How to Avoid Awkward Silence by Doing Small Talk

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Are you tongue-tied or lost for words when in a crowd of unfamiliar faces? Do you dread getting invited to a party because you’re shy? Or, do you find yourself looking for a quiet little corner to hide when you are at social gatherings?

Today’s topic is small talk. Knowing how to do this will save you in your “awkward moment” situations. So first, what is small talk?

This is a polite conversation we have with people who are not well known to us.  These are people that we don’t really talk to on a daily basis, people we don’t know very well, or complete strangers. Small talk is, in essence, impersonal, light, and casual. This is because you are practically talking with strangers, especially in a social gathering.

For English learners, small talk is a very helpful tool in improving listening and speaking skills. This is where you get to practice your conversation skills.

So, when is small talk most useful?

This will help you if you’re shy, when you meet people for the first time and you don’t know what to say, and when you feel very uncomfortable at parties or in meetings. This comes handy when you are attending any social event actually.

You can also have small talks when you meet neighbors outside your apartment or people at a restaurant and when you’re at a bar or at a local post office. This is also useful between classmates at the beginning of a lecture, or between people who are attending a conference, seminar or workshop.

If you love to travel, small talk will help you go around easily especially when you are new in town.

5 Conversation Starters

Conversation starters break the ice. In other words, they break the silence—which is the first step to making a connection with the other person.

1. Greetings

Start with greetings as a way to open the communication channel or as an opener for a dialogue with a stranger in an unfamiliar place. You can ask:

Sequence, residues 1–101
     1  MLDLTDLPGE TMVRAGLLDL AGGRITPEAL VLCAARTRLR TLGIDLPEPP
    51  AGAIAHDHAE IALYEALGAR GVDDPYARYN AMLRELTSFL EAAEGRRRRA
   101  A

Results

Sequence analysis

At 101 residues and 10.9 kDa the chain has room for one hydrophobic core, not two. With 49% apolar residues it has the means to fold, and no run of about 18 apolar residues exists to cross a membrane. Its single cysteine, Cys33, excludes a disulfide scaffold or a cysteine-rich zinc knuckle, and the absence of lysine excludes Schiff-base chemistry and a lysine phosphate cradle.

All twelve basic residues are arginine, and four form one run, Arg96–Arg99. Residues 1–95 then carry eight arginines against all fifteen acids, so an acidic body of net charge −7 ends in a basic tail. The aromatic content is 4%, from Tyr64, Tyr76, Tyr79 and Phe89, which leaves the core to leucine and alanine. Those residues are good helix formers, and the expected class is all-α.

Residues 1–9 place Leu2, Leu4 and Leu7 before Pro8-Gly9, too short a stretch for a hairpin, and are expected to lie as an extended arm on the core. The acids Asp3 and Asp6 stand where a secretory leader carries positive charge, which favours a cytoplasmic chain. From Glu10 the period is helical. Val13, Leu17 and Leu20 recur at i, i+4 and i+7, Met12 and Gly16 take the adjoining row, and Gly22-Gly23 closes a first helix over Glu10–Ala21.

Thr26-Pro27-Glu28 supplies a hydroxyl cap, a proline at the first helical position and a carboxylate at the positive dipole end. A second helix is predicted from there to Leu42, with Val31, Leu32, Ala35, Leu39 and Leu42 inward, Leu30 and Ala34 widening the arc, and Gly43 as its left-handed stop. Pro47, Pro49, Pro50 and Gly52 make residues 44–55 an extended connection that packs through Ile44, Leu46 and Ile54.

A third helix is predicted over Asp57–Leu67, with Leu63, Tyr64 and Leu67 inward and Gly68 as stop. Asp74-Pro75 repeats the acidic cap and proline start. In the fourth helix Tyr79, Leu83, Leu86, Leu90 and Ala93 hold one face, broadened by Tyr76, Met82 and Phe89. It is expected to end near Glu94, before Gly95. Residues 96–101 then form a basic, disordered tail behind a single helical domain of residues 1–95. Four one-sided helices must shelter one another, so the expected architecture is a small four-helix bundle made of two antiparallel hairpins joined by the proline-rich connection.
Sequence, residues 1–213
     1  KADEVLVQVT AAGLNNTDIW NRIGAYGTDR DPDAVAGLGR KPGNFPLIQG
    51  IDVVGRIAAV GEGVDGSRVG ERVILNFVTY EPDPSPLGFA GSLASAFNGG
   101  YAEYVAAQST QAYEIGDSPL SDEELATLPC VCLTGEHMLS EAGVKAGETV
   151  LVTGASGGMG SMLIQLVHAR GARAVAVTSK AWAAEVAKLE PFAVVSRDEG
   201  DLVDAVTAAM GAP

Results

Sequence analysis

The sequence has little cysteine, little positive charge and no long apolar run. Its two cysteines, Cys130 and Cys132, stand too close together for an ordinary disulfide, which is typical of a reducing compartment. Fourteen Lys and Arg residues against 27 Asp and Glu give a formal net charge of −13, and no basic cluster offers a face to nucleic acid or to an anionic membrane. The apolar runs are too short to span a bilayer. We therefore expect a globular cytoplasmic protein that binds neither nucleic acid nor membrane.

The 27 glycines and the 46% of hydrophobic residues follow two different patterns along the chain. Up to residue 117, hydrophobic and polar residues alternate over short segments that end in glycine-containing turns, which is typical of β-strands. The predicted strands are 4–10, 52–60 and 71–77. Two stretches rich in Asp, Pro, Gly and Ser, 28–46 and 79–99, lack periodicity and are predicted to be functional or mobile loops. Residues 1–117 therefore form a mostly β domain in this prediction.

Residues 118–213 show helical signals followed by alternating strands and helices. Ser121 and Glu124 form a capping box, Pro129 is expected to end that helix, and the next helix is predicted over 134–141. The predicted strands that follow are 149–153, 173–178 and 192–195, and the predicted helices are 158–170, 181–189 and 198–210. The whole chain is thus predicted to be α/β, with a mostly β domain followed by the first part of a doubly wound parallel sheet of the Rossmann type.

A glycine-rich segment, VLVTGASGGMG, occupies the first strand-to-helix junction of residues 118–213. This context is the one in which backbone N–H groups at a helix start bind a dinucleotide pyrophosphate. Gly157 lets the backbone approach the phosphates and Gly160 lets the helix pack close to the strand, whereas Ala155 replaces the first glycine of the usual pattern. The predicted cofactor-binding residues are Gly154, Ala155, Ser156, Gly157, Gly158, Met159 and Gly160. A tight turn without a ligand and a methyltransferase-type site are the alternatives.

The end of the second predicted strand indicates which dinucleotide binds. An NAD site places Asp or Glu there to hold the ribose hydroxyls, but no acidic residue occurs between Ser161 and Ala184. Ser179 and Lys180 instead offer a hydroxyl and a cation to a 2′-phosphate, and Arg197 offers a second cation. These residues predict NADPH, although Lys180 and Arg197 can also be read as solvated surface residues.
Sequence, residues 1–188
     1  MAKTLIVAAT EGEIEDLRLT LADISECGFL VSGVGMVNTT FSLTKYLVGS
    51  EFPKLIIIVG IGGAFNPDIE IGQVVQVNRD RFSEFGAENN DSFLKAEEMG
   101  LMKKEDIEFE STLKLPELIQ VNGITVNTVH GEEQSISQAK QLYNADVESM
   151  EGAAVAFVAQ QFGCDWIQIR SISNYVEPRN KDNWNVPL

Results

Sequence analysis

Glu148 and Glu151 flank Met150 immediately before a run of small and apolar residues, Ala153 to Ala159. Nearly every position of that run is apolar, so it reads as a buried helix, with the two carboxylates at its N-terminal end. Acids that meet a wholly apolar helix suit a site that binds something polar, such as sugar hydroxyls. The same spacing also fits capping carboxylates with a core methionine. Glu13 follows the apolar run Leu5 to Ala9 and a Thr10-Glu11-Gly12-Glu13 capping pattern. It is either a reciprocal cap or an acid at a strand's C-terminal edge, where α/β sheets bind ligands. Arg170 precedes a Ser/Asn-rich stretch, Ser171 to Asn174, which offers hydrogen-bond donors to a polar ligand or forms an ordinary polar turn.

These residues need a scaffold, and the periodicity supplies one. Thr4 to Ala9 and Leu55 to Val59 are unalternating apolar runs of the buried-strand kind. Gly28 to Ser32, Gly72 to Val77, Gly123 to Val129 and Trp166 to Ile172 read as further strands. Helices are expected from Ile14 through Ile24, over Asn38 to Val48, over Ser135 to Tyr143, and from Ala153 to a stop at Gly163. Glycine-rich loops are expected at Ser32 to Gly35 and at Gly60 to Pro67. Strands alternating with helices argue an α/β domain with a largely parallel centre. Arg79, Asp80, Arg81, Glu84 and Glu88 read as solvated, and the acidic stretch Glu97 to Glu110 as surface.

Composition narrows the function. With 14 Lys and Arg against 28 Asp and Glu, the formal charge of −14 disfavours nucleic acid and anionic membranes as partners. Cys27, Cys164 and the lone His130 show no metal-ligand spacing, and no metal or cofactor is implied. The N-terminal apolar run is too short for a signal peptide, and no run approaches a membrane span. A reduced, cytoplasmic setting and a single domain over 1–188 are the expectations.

• What’s up?
  • How’s it going?
  • How are you doing?
  • Good morning! How are you today?

2. Talk about things in common

Ask about what you share in common. An example can be about a recent event in your area where you are pretty sure that also affects the other person.

  • Did you see the parade yesterday afternoon?
  • Were you also stuck in traffic last night?
  • Did you hear that the East Highway was flooded?
  • Did you go to the grand midnight sale at the mall?

If you can see the progression, these are stepping stones to making further conversations with the other person—which starts with a simple greeting.

3. Talk about the weather

Talk about the weather. This is certainly something that a stranger can easily answer.

  • It’s a beautiful day, isn’t it?
  • It’s humid today, isn’t it?
  • A perfect day for a picnic, isn’t it?

4. Talk about family

Ask about family, but, always remember to keep it casual and light. You don’t really want to sound like a police officer doing an investigation. Here are the questions you may ask:

  • How many siblings do you have?
  • Do you have a big family?

Here you can compare your stories. If ever you are from a small family, maybe you always thought that growing up in a big family is interesting.

  • Where did you grow up? Or, where are you from originally?

This opens up a whole new topic on culture, differences between cities or regions, and perhaps differences between experiences growing up in a certain culture.

  • How are your children? How are they doing?

Folks normally love to talk about their children and their children’s interests, skills, or successes.

  • What’s your dog’s name?

This is a great conversation starter when you’re walking your dog at the park and you see someone who also has a pet. People love to talk about their pets, and pets are family, too. So, you can initiate this topic after you say hello.

5. Talk about common friends

Talk about common friends. This is when you try to strike up a conversation with somebody who is a friend of your friend, but this person may not be that close to you. This means the two of you have a mutual friend and you are in the same party because of that friend. Here are examples of what you can ask:

  • Have you seen Pete’s new dog?
  • How did you and Katrina become friends?

After the person answers, you can then reply “This is how we met…”

  • Have you tried Darla’s apple pie? She makes the best apple pie in town, doesn’t she?

HOP: A Small Talk Technique

After you’ve exchanged your hellos and you’ve about run out of conversation starters, yet the party is far from the end, have you ever wondered,